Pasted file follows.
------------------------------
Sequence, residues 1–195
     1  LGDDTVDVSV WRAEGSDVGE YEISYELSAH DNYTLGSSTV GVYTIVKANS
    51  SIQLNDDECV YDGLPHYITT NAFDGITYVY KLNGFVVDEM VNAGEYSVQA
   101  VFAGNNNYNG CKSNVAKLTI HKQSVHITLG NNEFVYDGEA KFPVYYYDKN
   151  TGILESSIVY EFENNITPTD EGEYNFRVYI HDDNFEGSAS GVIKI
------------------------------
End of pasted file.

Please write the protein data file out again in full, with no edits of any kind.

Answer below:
Sequence, residues 1–195
     1  LGDDTVDVSV WRAEGSDVGE YEISYELSAH DNYTLGSSTV GVYTIVKANS
    51  SIQLNDDECV YDGLPHYITT NAFDGITYVY KLNGFVVDEM VNAGEYSVQA
   101  VFAGNNNYNG CKSNVAKLTI HKQSVHITLG NNEFVYDGEA KFPVYYYDKN
   151  TGILESSIVY EFENNITPTD EGEYNFRVYI HDDNFEGSAS GVIKI